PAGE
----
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Hi Bob, Are you familiar with the studies out of the Netherlands and South Africa regarding the "universal" relational structures of all pedagogic and andragogic learning events?

Yonge, UC Davis, translating Oberholzer and Landman, says 3 basic relationship structures are essentially needed for any learning/leading event to be successful: trust, understanding and authority.

Any teacher or leader's first acts must be to survey the landscape of people they have been charged with leading, and then strategically begin to build and grow and maintain those 3 key relationships with each individual.

Are you familiar with this research? Jeff Rogers

Erin Wootan

Love how they fit all of this into one page! I am thankful to work for a "good" boss, but have definitely had my share of "bad" ones. Nothing makes you want to leave your job more than having a boss who doesn't stick up for you or a boss who never gets out of your way. Definitely going to pick the full version of this book up.


Hi Bob,

We had a case study on Southwest Airlines last week. In fact, I think that this article can be added to other materials that we read for the this case study. "Lead the Way" is a good subject to be taught in class (Maybe next semester). Moreover, I do agree with this sentence and like it: "The best bosses evoke a feeling of 'my boss has my back.'"

Adam Searcy

“Being in a position of leadership is the most surefire way to become oblivious and emotionally insensitive.” That is a pretty strong statement that I’m not sure I agree with. But you’re right, you’d better fight this tendency will all you have. Not much else matters if you don’t walk the walk.

I’ll be flying SWA this week again. After this primer, I’ll have to pass the time on my flight with the original.

Kenneth Bechtel


I'm doing a case study on Southwest Airlines, so your blog caught my eye. I definitely agree that great work places start with people at the top. I take exception though to the comment about throwing out the bad apples. I believe that one should try to understand why an employee is acting that way. This could be of more value. Sure it would be easier to throw the bum out, but it could be well worth the time to find out why and maybe fix a problem that you don't know about.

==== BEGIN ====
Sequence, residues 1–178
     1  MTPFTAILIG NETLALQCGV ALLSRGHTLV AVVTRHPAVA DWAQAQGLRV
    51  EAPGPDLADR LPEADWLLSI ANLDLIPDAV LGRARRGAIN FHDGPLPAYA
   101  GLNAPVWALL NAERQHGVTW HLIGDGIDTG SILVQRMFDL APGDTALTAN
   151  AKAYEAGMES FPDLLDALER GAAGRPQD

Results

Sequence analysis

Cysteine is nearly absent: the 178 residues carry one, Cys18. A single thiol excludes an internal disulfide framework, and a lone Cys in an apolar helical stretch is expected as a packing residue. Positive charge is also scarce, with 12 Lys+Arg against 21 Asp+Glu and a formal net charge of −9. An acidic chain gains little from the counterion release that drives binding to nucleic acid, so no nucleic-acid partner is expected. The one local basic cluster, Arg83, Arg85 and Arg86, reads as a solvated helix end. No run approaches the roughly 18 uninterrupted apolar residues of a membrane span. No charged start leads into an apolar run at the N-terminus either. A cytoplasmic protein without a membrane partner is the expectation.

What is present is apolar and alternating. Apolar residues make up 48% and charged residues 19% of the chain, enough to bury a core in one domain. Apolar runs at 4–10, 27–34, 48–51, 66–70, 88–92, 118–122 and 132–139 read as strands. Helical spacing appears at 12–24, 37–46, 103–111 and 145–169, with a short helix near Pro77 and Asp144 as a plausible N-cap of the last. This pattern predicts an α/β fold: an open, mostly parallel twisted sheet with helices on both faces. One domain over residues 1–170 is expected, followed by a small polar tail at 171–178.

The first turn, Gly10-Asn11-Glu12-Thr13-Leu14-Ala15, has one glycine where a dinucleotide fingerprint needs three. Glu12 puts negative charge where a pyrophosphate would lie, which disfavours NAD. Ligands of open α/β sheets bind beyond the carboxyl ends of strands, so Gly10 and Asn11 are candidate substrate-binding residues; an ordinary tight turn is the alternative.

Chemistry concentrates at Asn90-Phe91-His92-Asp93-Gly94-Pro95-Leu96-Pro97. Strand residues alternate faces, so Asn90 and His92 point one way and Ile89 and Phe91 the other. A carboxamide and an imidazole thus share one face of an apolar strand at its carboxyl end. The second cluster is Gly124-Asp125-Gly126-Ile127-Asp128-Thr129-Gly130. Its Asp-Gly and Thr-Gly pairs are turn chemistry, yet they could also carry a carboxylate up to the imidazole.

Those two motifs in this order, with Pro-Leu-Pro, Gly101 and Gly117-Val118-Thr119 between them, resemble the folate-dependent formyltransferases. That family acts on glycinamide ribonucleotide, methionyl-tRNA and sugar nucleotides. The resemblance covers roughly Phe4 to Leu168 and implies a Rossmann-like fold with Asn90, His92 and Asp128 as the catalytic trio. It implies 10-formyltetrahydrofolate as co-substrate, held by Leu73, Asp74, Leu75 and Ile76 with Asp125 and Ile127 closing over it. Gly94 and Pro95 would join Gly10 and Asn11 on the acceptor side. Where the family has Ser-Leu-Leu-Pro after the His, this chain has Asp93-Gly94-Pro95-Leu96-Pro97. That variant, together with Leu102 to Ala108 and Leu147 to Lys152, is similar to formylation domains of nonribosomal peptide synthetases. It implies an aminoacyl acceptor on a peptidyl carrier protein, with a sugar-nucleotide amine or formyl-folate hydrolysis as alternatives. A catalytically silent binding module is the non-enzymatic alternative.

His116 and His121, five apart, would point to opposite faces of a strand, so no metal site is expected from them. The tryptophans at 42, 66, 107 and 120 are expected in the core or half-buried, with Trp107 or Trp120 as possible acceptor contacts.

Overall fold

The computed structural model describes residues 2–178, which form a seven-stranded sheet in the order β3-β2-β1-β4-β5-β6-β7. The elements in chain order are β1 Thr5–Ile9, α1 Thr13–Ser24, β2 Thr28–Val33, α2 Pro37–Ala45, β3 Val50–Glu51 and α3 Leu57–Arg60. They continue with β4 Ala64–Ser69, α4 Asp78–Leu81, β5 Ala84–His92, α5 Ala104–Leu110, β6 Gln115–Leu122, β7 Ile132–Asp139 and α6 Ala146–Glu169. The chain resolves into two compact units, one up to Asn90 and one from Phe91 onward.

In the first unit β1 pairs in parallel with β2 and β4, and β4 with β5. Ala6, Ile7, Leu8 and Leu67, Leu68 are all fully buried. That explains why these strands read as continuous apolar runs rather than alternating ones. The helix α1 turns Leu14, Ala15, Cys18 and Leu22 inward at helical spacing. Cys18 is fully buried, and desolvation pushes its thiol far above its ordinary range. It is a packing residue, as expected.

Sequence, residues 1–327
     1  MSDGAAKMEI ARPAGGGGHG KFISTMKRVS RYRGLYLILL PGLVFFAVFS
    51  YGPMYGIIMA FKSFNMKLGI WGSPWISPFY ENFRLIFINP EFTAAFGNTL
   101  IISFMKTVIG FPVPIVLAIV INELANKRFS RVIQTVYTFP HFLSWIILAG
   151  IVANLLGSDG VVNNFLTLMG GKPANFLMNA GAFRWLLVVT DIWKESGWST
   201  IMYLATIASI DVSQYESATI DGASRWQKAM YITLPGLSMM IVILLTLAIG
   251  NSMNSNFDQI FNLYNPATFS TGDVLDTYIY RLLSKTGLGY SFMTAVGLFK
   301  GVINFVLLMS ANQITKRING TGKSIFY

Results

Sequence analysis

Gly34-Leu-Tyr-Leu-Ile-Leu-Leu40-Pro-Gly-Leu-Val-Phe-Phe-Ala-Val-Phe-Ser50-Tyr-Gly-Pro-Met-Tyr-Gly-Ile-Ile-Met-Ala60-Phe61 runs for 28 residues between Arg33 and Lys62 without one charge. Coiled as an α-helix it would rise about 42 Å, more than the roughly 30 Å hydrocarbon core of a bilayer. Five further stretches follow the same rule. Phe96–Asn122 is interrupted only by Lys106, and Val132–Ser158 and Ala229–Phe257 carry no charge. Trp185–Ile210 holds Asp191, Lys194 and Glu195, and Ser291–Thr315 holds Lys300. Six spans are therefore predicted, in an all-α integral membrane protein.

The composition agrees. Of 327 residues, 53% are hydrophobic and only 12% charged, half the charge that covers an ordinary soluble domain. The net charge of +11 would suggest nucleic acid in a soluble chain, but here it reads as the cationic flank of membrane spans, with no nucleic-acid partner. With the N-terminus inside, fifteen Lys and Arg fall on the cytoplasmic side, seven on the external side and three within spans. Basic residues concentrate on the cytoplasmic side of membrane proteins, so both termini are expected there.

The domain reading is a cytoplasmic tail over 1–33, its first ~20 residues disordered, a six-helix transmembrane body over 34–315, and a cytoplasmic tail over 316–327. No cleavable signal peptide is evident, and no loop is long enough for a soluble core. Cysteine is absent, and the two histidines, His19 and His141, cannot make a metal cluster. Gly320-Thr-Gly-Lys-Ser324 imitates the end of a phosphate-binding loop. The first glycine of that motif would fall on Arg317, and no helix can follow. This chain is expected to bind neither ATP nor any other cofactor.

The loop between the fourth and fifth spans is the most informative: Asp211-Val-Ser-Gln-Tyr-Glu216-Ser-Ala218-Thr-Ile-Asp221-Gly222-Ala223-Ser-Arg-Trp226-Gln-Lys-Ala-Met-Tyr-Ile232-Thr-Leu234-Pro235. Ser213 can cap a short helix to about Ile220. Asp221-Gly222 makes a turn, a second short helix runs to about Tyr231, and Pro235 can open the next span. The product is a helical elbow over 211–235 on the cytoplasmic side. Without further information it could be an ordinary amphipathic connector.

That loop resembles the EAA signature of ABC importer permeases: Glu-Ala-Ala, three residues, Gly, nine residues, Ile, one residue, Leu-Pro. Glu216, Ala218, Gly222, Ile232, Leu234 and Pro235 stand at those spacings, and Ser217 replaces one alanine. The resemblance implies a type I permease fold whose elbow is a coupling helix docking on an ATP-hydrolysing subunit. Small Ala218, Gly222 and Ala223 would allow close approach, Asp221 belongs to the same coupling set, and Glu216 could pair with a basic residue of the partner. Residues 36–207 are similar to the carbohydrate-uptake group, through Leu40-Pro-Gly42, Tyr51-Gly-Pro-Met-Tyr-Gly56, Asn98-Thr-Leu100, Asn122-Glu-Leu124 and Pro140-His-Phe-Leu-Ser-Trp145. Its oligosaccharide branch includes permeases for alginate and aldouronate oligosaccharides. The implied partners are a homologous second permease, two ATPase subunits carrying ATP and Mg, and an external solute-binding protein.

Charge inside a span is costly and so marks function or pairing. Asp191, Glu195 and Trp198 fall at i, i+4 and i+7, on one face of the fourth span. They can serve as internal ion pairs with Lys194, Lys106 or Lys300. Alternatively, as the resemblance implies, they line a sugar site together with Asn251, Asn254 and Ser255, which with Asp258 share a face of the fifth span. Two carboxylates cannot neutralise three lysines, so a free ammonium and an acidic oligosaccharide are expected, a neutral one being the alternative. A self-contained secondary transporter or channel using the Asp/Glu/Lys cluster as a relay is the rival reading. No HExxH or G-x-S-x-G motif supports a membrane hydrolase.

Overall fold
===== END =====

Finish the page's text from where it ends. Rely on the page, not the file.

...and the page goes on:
I'll still read the book.


That's an amazing work Bob. Even that little case about their boss you had posted.

Mackenzie Heys

Hi Bob,
I'm so glad you posted this because I just flew Southwest over the weekend and was excited to see your work and message in their magazine. Fantastic information!


The page is a simple and effective summary of what constitutes a good employer and anything else just wont cut it. I think a quick summary page like this would be a great asset for all companies with a hierarchy structure of levels of bosses and managers because it is an easy way to digest and recognize what is good for your company and what is not in terms of leaders. Unfortunately, even though this page give pretty clear cut definitions of what to do to be a good boss, most people in senior level management positions do not recognize that their employees' behaviors are a manifestation of there good or bad management and the system of the work environment. It's only natural that is hard if not sometimes impossible to see your own faults but you can recognize faults in others and I think this is just the sort of thing that happens with bad bosses.
Recognition of what they are doing incorrectly as a leader is only the first step and the second more vital one would be acceptance and willingness to change for the better.

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